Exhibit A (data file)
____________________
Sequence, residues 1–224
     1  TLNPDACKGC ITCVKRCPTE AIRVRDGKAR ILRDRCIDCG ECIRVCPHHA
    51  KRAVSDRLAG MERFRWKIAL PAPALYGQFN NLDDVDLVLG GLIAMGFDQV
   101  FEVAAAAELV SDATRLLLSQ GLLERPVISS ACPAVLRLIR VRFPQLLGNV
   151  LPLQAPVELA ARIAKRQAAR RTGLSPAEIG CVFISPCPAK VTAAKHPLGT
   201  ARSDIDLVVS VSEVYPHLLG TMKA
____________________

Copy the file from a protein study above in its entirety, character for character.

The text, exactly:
Sequence, residues 1–224
     1  TLNPDACKGC ITCVKRCPTE AIRVRDGKAR ILRDRCIDCG ECIRVCPHHA
    51  KRAVSDRLAG MERFRWKIAL PAPALYGQFN NLDDVDLVLG GLIAMGFDQV
   101  FEVAAAAELV SDATRLLLSQ GLLERPVISS ACPAVLRLIR VRFPQLLGNV
   151  LPLQAPVELA ARIAKRQAAR RTGLSPAEIG CVFISPCPAK VTAAKHPLGT
   201  ARSDIDLVVS VSEVYPHLLG TMKA